Keep offering a new food for at least 2 days before trying another food. This delay is important should your baby have an adverse reaction, so you’ll have a better idea what food caused the reaction. If this happens, stop feeding the food right away and talk to your healthcare professional.

Health experts advise not to delay the introduction of any specific solid food beyond 6 months of age, regardless of family history of allergy.2 You can introduce peanuts, soy, whole eggs, fish and wheat as you would any other food and monitor for allergic reactions—just talk to your healthcare professional if you have any concerns.

Food for thought: Always use a spoon, never a bottle, when feeding solids.

What to avoid

Here’s where you have to contain your excitement, because not all foods are appropriate for your little one—including this list of items to keep off the menu in the early stages of food.

Whole cow’s milk
Whole cow's milk is a poor source of iron, so should be avoided until your baby is at least 9-12 months old. It could also displace other iron-rich foods (increasing the risk of iron deficiency).

Do not feed honey (pasteurized or unpasteurized) to infants under 1 year of age. Honey, including pasteurized, may cause a type of food poisoning called infant botulism, and should not be added to any baby food. Honey is only safe to introduce once your baby is 1 year old.

Sugar & salt
Adding sugar and salt will prevent your little one from fully experiencing new foods, and developing a taste for the food’s natural flavours. Be mindful to prepare foods with little or no added salt and sugar.

Raw & unpasteurized beverages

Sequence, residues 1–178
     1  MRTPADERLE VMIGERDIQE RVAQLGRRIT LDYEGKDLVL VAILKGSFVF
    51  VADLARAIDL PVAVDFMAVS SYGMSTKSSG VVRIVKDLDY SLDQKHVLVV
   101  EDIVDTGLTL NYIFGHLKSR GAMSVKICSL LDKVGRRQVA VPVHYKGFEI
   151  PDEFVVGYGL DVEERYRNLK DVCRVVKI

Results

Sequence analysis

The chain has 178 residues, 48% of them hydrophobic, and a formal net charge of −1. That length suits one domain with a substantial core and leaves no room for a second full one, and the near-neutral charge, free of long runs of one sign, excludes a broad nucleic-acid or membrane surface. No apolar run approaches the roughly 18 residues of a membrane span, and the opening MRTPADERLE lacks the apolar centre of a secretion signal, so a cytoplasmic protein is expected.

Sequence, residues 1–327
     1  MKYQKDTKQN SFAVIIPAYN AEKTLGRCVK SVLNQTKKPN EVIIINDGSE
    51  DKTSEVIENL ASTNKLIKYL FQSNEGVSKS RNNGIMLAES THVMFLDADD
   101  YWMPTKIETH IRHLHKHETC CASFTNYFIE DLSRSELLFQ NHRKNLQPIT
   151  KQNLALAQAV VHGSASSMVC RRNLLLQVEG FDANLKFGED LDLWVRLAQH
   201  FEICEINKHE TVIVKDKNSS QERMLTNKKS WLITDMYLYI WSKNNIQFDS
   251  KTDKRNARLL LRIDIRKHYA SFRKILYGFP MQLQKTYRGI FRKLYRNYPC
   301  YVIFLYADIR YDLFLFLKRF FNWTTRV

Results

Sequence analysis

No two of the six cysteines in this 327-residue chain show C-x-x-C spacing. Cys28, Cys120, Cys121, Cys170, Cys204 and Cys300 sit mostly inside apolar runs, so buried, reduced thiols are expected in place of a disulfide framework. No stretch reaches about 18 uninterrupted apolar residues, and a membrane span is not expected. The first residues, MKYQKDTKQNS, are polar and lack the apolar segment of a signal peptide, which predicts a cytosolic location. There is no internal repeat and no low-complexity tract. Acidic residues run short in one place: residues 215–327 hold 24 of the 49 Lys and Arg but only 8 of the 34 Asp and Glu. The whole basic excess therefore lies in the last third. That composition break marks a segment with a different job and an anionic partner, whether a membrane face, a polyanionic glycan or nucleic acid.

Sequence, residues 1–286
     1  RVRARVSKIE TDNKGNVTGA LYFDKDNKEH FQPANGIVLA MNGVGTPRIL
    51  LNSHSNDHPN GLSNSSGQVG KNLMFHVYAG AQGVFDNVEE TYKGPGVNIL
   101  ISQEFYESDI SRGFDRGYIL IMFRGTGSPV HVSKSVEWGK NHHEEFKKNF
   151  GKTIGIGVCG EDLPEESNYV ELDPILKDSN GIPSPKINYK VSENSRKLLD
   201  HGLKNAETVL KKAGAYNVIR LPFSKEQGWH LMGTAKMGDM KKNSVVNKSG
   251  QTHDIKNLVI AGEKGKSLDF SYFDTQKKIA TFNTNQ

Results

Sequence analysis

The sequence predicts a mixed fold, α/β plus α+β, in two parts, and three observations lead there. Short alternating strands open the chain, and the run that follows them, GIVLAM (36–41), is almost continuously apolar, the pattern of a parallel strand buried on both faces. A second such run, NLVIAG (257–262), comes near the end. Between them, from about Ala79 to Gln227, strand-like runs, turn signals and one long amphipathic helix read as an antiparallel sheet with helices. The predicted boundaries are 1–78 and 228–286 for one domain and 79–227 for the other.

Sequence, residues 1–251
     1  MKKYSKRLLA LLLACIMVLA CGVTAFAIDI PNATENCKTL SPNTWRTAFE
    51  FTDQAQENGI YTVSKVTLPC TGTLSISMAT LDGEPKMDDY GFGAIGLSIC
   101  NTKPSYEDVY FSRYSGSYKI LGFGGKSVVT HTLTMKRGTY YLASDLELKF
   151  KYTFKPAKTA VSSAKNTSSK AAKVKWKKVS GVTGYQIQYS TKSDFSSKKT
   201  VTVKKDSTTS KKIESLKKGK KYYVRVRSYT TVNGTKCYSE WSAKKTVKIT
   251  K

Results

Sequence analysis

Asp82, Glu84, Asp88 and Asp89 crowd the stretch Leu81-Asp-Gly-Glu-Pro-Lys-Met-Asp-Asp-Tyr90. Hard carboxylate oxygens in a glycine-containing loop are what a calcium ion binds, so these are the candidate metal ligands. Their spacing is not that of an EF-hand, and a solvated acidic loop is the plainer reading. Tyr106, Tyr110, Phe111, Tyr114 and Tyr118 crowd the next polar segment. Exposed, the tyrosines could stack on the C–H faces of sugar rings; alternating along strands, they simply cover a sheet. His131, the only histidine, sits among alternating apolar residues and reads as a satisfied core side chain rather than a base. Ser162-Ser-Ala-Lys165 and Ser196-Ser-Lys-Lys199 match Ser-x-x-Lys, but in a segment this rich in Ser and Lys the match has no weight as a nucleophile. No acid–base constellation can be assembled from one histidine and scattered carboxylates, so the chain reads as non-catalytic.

Babies and toddlers should not consume raw or unpasteurized beverages. Pasteurization is an important step that eliminates harmful bacteria. Unpasteurized beverages, such as some types of apple cider, can be harmful to babies and toddlers. Read the label when choosing drinks for your little one.

A day in your baby’s diet Meal-planning for yourself isn’t always easy, but what about for your baby? Well, this is only a guide, but hopefully this sample of what your baby could be eating can help simplify things. Guide or no guide, it’s important to follow your baby’s hunger and fullness cues and introduce her to new foods one at a time.

Here’s a typical meal plan for infants 6-9 months of age who are accustomed to eating solid foods1.

  • Waking up with baby
  • Breast milk
  • Breakfast
    • Breast milk
    • 2-4 tbsp iron-fortified infant cereal
    • 2-3 tbsp puréed or mashed fruit
  • Mid-morning snack
    • Breast milk
  • Lunch
    • Breast milk
    • 1-3 tbsp meat or alternative
    • 2-3 tbsp puréed or mashed fruit
    • 2-3 tbsp puréed cooked vegetables
  • Dinner
    • Breast milk
    • 2-4 tbsp iron-fortified infant cereal
    • 2-3 tbsp puréed, cooked vegetables
    • 2-3 tbsp puréed or mashed fruit
  • Before going to bed
    • Breast milk

1. Chan ES, Cummings C. Dietary exposures an allergy prevention in high-risk infants. Paediatr Child Health 2013;18(10):545-9.